So Consolidated Comms is a roll up of SureWest, Fairpoint and some other IOCs. They are almost a billion dollar ILEC. "Revenues totaled $333.5 million, compared to $350.2 million for the second quarter of 2018, a decline of $16.7 million. After normalizing for the sale of the Virginia properties in July 2018, revenue declined $15.3 million or 4.4 percent for the quarter." [source] Even they are experiencing a revenue decline.
This week Digerati, a holding company in Texas, has acquired Nexogy. Nexogy was a UC provider in Miami that originally ran a Broadsoft then switched to netsapiens. Digerati acquired Florida's T3 Comms last year (2018).
Then you have Hargray in SC and Georgia. Hargray was an IOC out of Hilton Head that has expanded through acquisitions and fiber deployment. Hargray has acquired two MSPs - iTech in 2013 and Infinity Network Solutions this month - and 3 colocation facilities in the Southeast. These transactions have given them a managed services and data center practice.
Hargray has acquired two cable systems - Plantation Cablevision in Georgia’s Lake Oconee region in 2015 and Kingsland Cable last month. Other purchases have included the Alabama assets of USA Communications, specifically a cable footprint in Pell City and the surrounding area in 2019; aDark Fiber Systems in Jacksonville, FL; and Gerogia's ComSouth, an IOC.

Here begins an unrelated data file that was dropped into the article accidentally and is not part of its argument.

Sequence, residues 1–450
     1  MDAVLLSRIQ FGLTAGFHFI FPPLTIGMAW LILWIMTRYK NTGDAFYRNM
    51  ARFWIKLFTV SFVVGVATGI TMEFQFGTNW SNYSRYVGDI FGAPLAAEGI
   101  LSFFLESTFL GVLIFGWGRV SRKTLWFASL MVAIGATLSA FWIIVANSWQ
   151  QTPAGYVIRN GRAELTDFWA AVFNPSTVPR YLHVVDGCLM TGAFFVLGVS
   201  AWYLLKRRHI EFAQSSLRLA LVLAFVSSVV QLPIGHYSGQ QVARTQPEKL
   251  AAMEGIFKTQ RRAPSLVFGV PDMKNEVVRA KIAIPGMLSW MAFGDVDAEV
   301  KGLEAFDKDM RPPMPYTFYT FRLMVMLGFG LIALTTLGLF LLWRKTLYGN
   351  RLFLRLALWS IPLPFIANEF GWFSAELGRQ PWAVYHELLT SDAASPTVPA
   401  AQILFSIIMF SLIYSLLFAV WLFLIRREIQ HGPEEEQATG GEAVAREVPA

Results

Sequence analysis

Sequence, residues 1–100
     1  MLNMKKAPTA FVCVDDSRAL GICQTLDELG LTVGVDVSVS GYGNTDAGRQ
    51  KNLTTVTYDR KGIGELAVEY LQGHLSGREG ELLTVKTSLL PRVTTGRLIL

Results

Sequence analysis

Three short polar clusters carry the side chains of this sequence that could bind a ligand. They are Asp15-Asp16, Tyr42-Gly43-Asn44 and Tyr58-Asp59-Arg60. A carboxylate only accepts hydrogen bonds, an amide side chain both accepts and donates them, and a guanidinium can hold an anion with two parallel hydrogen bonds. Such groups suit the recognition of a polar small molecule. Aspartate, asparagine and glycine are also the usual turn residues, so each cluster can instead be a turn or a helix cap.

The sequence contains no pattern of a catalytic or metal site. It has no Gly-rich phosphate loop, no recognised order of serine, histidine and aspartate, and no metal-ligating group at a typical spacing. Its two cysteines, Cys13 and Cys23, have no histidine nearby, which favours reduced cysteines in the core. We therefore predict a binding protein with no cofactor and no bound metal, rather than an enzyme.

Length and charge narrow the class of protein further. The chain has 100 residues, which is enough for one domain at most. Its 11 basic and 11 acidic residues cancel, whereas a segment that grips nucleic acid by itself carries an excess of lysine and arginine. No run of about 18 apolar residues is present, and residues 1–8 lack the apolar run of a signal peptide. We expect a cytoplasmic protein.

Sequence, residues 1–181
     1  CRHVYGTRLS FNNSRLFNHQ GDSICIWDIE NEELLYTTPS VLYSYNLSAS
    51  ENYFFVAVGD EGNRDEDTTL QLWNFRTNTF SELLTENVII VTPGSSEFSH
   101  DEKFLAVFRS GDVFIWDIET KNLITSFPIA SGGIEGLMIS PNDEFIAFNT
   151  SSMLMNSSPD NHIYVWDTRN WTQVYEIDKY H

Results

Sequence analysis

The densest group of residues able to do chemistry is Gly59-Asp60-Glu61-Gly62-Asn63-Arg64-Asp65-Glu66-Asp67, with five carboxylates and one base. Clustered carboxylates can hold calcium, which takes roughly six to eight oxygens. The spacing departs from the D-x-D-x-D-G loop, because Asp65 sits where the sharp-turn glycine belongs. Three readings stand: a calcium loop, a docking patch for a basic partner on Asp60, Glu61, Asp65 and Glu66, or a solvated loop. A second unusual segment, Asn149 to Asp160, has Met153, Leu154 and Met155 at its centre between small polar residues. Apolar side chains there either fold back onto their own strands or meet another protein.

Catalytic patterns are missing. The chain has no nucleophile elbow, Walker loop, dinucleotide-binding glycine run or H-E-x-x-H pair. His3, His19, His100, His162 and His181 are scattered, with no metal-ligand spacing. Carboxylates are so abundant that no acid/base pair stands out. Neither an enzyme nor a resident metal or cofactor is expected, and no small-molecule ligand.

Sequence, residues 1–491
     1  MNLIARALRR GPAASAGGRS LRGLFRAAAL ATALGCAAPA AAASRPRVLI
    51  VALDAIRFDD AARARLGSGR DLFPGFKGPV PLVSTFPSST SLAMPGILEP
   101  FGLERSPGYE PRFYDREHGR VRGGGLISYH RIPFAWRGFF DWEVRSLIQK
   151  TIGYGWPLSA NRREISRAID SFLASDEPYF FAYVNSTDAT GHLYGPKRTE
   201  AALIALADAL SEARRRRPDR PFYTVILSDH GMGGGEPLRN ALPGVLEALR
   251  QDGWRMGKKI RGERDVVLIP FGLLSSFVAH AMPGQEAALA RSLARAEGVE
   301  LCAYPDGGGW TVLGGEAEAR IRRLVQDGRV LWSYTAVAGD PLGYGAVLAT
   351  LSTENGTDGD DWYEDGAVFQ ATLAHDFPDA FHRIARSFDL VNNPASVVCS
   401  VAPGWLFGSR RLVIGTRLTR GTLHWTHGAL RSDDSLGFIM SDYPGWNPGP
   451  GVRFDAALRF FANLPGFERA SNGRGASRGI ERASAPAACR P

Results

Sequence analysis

Hargray has been powered by Private Equity money - first by Quadrangle Capital Partners in 2007; then in 2017, an investment group led by The Pritzker Organization acquired Hargray from QCP. Hargray has grown into a regional communications company with over 2,000 route miles of fiber serving more than 80,000 customers, including most cellcos.
Why the story about Hargray? Well there are 700+ IOCs in the US. Many are struggling due to USF dependence and competition from WISPs, cablecos, satellite and cellcos. Some whine; others like Hargray and IDS in Florida, pivot, strategize and go get it.
Granite Telecom announced that they hit $1.5B in revenue with no debt. Granite was a UNE-P reseller when the TRRO decision came down in 2004. Granite moved quickly to shore up commercial contracts with the ILECs to replace the UNE-P with resale. In 2004, Granite served 200K lines of Verizon. They were VZ's largest wholesale customer. They also have a long standing wholesale arrangement with AT&T that was renewed in 2017. Today, they have 1.75 million voice and data lines under management. At just $55 per line per month that is $1.15 B in revenue.
How do they do it? Well, focus. They mainly sell copper - POTS and PRI - to multi-location customers, and they have a GSA contract. They have a strong, charitable culture and often get voted best place to work. They are a sales company, not a network operator.
To drive revenue you have to have a plan and execute it on revenue.